What causes the classic triad of features in McCune-Albright syndrome?

Updated: Jan 17, 2019
  • Author: Gabriel I Uwaifo, MD; Chief Editor: George T Griffing, MD  more...
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Answer

The classic triad of features in MAS—PFD, autonomous endocrine hyperfunction, and café-au-lait skin pigmentation—can all be explained by activation of the Gs alpha subunit and increased intracellular cAMP levels.

Eumelanogenesis (formation of brown/black pigment) is normally stimulated by melanocyte-stimulating hormone (MSH) binding to the MSH receptor, a classic G protein receptor coupled to Gs alpha. Constitutive activation of the Gs alpha subunit in melanocytes results in the increase in brown pigmentation characteristic of the café-au-lait spots seen in the syndrome. Likewise, both the luteinizing hormone (LH) and the follicle-stimulating hormone (FSH) receptors are Gs alpha−coupled receptors.

Constitutive activation of the postreceptor cAMP signaling cascade in ovarian follicular cells results in cyst formation, estrogen production, and gonadotropin-independent precocious puberty. Similar mechanisms of increased intracellular cAMP likely explain essentially all of the other endocrine and nonendocrine features of MAS.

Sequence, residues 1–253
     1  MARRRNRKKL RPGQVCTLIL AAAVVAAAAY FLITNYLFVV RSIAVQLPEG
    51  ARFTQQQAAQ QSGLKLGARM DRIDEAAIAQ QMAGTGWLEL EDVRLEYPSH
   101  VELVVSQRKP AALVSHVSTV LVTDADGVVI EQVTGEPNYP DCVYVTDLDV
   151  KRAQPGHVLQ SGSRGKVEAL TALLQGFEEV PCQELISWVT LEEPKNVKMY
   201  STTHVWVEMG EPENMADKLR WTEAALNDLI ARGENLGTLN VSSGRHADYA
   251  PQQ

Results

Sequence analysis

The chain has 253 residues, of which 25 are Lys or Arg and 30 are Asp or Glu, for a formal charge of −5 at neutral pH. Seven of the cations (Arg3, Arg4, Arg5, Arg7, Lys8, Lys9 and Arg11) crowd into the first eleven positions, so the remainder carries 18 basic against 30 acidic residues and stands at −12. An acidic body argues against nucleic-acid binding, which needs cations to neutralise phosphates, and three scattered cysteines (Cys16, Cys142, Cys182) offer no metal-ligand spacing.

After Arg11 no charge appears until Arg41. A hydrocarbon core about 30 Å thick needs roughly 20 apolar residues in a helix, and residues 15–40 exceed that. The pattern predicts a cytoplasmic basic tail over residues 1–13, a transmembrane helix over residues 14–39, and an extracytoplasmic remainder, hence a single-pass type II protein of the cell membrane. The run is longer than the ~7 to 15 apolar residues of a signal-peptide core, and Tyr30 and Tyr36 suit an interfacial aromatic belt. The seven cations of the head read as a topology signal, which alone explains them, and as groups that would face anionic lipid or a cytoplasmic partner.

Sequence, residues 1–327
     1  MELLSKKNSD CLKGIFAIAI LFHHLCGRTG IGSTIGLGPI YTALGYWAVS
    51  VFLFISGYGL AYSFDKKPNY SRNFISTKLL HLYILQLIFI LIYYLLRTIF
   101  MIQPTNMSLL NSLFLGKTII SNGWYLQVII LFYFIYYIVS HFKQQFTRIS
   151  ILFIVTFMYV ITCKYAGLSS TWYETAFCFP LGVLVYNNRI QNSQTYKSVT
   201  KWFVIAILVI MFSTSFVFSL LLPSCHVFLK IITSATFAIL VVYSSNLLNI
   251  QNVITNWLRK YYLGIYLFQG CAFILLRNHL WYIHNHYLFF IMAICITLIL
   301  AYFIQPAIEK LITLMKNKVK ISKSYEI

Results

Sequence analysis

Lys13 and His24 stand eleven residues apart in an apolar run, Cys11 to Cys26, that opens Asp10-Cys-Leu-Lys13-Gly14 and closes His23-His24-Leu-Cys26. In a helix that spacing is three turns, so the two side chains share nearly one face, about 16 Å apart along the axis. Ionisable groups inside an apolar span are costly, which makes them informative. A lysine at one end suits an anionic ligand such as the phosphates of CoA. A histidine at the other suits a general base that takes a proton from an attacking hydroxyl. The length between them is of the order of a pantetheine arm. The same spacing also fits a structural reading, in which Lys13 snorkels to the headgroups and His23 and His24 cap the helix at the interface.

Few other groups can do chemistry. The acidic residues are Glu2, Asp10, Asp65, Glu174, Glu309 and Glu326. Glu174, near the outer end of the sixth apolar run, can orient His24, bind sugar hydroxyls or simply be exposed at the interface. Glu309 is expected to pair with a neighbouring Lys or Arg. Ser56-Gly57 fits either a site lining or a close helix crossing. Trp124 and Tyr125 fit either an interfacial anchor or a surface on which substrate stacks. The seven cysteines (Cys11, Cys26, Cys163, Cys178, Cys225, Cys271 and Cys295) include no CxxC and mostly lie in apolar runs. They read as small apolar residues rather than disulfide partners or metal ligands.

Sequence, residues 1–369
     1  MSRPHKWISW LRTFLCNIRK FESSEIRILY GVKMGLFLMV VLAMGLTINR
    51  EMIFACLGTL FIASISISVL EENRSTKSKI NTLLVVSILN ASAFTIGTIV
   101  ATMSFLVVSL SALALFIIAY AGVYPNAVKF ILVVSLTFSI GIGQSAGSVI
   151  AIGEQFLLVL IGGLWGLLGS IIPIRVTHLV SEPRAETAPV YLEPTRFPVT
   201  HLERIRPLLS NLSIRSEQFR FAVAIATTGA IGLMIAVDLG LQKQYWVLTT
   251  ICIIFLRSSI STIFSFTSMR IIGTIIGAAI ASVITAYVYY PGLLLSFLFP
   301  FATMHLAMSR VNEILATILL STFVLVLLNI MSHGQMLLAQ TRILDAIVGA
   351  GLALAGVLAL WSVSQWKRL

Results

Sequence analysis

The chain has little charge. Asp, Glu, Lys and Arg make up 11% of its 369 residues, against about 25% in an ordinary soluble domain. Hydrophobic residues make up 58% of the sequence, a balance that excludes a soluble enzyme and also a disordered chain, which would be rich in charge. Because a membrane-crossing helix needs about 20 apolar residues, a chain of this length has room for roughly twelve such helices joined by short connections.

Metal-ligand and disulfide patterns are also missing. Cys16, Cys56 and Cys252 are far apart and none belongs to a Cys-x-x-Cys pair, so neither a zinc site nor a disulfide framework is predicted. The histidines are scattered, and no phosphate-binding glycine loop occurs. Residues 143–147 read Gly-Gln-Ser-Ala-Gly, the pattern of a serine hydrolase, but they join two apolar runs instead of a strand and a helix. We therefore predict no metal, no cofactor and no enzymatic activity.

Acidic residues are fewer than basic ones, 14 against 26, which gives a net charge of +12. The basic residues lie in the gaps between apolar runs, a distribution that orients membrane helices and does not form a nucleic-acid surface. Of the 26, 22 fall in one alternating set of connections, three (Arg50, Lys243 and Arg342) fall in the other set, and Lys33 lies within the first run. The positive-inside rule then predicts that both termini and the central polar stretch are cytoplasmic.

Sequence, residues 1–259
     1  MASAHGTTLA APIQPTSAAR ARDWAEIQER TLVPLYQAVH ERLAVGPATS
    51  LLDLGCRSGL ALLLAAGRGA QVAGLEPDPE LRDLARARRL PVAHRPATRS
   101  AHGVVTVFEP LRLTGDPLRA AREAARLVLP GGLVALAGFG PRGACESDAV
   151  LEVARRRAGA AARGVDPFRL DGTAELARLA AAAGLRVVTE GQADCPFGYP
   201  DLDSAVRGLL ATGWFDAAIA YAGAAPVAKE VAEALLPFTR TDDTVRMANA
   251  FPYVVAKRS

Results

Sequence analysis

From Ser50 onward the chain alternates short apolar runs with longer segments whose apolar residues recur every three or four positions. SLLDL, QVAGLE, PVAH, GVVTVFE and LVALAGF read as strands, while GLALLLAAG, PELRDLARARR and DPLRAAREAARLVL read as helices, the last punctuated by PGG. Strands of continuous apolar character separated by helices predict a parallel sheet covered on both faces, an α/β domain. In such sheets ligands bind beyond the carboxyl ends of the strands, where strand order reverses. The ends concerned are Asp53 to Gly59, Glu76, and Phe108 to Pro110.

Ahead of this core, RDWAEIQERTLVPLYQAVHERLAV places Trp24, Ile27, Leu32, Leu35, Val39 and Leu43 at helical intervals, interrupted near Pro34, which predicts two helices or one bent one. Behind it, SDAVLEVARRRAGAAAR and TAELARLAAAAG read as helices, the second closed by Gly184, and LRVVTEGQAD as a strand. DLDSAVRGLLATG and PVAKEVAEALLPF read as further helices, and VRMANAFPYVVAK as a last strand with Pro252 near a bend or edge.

Because MAS results from a postzygotic somatic mutation, all the daughter cells of the embryonic cell in which the initial mutation occurred also contain the mutation. The earlier the mutation occurs in embryogenesis, the more widespread the tissue involvement.

Mutations late in embryogenesis are more focused and account for those mild cases in which only 2 or 3 of the classic phenotypic features of the syndrome are present. If the mutation occurs very late in tissue development after differentiation into a specific cell line, then a single adenoma may result. Gs alpha−activating mutations have been reported in isolated hyperfunctioning thyroid nodules and in somatotroph adenomas.

Although GNAS1 mutations could occur in germ cells (either oocytes or spermatocytes), the resulting zygote and all daughter cells then would contain the mutation. Activating GNAS1 mutations are likely lethal if they occur very early in embryogenesis. This accounts for the lack of autosomal dominant transmission of this syndrome.


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